Indeed, the law of your faith is superior to any human law and if you follow it you must face the consequences, which is the human law, the law of the land. And, if you force your acts of faith on others as “divine justice”, isn’t that a transgression of the rights of others and, really, insensitive cruelty?

Is there any religion which claims that punitive “divine justice” and being cruel “in the name of God” is more righteous than respecting human rights?

Divine law is, no doubt, superior, but there are laws and exhortations in any credible religion which require its followers to never — by force, violence and evil intent — impose them on others. That requires a better understanding and interpretation of the adherents’ religious books, which, sadly, is wanting among those who take the law into their own hands.

With the latest Federal Court ruling, the expectation is that people of different religious faiths and views will abide peacefully under the rule of constitutional law.

 Vasantha Priya’s sacrifice

I must comment on this. It’s heart-breaking that a 14-year-old girl was driven to suicide by a teacher who valued her RM1,600 iphone6 more than the well-being of the student she was supposed to teach.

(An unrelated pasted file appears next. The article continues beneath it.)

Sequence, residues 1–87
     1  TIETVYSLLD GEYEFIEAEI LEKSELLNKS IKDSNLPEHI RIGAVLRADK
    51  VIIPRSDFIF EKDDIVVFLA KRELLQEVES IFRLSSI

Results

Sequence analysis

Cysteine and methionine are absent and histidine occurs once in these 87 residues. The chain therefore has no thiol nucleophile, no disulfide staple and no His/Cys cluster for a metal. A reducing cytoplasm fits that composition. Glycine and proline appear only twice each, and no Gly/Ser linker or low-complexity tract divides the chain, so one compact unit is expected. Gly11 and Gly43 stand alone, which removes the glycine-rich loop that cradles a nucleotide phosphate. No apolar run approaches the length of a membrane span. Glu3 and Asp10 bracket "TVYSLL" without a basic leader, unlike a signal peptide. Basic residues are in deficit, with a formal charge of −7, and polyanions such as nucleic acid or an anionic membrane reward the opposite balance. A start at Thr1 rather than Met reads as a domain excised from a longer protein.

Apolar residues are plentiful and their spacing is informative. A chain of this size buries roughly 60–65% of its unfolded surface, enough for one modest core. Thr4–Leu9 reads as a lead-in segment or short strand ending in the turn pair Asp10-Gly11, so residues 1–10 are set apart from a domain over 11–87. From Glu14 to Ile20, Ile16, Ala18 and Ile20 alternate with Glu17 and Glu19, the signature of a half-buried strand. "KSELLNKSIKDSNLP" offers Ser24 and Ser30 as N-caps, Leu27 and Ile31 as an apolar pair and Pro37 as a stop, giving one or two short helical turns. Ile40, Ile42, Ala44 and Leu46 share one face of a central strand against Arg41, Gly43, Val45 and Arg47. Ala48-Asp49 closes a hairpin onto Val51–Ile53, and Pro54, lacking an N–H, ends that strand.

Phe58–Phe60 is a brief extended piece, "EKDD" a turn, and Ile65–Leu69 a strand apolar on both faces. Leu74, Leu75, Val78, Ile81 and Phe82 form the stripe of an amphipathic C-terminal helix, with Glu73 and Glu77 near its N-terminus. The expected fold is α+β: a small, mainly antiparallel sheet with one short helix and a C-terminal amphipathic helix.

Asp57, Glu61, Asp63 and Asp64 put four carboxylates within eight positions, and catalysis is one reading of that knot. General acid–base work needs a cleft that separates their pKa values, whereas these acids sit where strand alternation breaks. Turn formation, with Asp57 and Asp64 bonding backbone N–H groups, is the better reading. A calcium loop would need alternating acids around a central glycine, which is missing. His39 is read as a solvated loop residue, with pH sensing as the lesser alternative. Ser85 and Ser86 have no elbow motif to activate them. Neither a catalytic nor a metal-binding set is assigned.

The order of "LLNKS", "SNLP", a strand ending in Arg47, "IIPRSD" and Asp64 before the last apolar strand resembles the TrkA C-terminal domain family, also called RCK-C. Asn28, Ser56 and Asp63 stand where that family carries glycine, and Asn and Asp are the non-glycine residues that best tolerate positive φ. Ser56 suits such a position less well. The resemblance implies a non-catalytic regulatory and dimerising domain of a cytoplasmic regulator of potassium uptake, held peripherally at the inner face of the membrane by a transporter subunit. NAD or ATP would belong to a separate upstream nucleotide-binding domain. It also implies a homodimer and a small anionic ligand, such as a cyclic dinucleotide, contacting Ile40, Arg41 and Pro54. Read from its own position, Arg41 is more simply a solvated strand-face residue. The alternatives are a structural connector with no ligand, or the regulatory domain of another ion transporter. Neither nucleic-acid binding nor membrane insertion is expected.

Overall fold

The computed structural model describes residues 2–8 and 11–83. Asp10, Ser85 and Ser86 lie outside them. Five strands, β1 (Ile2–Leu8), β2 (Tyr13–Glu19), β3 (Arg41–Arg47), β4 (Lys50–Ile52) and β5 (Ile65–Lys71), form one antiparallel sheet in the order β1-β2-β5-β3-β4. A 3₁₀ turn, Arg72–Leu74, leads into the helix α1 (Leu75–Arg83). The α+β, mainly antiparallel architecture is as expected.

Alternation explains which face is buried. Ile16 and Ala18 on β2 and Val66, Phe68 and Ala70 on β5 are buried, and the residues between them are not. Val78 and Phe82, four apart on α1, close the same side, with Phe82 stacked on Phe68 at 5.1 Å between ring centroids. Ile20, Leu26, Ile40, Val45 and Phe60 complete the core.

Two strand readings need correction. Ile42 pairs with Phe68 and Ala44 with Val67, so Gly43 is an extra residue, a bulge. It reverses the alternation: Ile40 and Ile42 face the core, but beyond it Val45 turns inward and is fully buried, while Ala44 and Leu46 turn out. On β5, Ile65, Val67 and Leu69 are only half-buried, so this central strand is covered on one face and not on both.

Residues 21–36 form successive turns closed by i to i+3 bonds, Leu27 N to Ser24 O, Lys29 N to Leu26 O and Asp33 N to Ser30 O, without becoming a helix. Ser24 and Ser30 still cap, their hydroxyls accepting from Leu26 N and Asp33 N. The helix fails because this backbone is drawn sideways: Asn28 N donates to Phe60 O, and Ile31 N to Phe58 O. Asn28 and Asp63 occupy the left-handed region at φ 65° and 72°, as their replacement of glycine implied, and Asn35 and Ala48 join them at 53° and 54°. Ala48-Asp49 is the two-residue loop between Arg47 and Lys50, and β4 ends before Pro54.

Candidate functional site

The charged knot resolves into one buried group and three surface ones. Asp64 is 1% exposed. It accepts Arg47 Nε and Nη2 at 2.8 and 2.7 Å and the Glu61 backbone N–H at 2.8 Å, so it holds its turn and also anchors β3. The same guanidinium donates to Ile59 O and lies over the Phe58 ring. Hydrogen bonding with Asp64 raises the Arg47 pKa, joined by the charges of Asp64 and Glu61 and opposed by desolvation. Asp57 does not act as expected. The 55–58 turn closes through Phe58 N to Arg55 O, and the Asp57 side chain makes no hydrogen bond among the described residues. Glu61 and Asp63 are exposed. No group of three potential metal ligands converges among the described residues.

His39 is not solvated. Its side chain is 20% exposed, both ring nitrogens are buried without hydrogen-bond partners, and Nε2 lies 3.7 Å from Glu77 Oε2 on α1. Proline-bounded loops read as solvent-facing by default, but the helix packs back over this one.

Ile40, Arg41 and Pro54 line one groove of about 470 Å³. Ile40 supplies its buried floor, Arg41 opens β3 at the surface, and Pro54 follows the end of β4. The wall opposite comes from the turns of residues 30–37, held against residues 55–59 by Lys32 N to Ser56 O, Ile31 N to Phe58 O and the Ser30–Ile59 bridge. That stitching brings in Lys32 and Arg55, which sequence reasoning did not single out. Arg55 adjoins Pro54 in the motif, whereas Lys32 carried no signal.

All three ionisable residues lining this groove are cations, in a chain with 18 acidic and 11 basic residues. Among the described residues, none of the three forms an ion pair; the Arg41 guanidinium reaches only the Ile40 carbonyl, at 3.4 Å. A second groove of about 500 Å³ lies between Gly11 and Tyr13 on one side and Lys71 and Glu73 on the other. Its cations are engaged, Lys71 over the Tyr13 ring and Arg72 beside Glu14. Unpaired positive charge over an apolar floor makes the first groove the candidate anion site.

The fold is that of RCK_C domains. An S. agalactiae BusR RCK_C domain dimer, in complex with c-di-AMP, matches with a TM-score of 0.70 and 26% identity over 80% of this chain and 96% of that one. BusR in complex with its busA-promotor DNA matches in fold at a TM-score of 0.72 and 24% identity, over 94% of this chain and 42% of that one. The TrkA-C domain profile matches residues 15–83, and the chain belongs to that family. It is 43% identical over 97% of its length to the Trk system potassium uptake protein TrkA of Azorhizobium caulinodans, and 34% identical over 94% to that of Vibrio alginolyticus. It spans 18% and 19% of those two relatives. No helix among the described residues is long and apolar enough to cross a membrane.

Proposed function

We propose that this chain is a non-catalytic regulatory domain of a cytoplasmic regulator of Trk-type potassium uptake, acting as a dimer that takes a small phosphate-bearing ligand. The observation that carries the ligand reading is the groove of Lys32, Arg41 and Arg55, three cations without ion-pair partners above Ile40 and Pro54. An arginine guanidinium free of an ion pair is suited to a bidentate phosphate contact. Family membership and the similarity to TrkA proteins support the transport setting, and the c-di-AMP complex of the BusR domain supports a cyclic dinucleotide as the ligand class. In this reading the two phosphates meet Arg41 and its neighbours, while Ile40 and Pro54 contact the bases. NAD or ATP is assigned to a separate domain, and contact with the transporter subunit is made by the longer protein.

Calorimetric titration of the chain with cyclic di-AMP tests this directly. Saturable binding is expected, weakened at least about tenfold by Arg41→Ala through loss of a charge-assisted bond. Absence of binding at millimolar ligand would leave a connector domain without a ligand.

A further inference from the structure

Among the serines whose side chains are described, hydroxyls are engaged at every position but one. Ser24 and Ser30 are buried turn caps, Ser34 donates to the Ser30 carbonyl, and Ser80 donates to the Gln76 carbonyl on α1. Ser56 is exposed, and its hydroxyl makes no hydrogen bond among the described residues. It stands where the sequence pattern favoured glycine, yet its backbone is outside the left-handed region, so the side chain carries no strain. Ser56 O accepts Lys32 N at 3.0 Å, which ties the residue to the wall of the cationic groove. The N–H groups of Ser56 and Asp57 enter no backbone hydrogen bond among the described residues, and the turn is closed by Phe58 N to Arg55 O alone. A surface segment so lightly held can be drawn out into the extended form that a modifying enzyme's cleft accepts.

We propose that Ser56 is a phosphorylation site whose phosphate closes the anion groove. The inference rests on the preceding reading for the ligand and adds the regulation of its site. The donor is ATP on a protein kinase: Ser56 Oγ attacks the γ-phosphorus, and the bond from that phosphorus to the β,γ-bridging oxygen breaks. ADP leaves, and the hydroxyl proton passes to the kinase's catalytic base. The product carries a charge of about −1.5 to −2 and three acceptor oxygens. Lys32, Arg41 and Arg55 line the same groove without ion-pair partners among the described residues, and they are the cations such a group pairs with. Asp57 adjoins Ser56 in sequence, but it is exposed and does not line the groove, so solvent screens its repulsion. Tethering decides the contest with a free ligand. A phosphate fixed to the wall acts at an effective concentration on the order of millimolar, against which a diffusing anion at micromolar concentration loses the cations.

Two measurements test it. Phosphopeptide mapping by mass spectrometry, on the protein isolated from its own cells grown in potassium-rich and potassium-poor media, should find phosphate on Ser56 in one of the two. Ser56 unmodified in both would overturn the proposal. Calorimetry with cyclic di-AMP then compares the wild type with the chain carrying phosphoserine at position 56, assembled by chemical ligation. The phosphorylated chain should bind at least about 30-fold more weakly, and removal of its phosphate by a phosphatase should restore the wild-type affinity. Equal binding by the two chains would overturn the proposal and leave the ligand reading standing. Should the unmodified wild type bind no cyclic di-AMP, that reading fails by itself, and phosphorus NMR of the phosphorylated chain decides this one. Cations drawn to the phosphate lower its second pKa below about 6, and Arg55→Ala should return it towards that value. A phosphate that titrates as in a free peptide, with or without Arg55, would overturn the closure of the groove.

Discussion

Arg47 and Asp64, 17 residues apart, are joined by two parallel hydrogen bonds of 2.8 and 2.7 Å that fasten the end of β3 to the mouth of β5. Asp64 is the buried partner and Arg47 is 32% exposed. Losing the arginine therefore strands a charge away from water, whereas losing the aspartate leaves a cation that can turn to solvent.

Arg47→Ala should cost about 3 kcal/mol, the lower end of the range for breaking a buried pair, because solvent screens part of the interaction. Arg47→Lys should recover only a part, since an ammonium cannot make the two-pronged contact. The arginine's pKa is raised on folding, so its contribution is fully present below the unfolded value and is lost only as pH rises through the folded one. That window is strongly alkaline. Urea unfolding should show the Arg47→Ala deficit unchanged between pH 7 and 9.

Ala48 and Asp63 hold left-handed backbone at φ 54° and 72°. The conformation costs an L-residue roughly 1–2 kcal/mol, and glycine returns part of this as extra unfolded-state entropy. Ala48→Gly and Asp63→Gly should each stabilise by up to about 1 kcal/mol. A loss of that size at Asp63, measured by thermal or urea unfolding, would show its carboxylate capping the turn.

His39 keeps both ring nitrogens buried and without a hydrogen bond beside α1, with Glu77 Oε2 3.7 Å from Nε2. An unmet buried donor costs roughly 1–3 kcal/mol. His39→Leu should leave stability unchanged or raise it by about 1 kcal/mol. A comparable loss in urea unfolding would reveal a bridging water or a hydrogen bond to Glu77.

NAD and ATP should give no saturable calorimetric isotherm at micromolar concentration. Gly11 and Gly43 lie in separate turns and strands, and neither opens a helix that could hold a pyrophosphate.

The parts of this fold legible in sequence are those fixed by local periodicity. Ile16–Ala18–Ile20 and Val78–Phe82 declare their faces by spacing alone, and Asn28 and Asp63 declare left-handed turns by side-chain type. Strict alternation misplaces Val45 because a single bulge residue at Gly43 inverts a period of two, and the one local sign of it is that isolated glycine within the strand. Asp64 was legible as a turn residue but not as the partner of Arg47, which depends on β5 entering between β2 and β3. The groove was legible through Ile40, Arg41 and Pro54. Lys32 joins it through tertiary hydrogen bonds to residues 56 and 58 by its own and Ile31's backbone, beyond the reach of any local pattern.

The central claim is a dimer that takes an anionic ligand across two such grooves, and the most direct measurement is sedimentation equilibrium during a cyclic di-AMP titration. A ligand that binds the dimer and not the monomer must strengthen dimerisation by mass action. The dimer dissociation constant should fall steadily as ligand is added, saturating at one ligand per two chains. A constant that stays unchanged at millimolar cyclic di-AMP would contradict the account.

The Penang schoolgirl was accused of stealing her teacher’s handphone and interrogated and left alone in a room without food and drinks or a toilet break for five hours until she admitted to the offence, which she never did. She was hit by another teacher publicly. The accusing teacher and her husband (I don’t know how he got involved) then took her to her house, confronted her parents, who, then, left the house to “sort things out” with the teacher and her husband.

In the time they were out and having endured all this humiliation, Vasantha Priya hung herself from the air-cond vent with her shawl, leaving behind a note, “I didn’t take your phone, teacher.”

All this over a RM1,600 phone? What kind of people do things like this? That teacher is definitely NOT teaching material. She should never be seen in a classroom.

If the phone was more important to her than handling this girl in the most positive way possible as an educator to get to the root of the problem, she should give up teaching and go into the buying and selling business.

This is blatant bullying. If teachers do it, is it surprising that schoolboys and schoolgirls are resorting to bullying?

Many of the reports on this issue point to the lack of a standard operating procedure (SOP) in dealing with such disciplinary cases. Set up a humane SOP in disciplining students so that it is clear that they are not falsely accused and, if they are found guilty, they should be disciplined in a way that would help them come out of the experience a better person. That should be the educator’s role and purpose.

Now, a girl is dead and it is on the teacher. I wonder if the teacher would have treated the girl in the same way if she were a confident girl who wore designer clothes and was dropped off at school by a parent driving a BMW or Mercedes Benz. I think she wouldn’t have dared. But, Vasantha Priya was timid and the teacher found in the girl’s vulnerability an object to bully.

This has to stop. I hope Vasantha Priya’s death will result in some good so that she did not die in vain. I hope the education ministry will take greater care to select the right teachers in school so that girls and boys of Vasantha Priya’s lot do not come to a humiliating end as she did.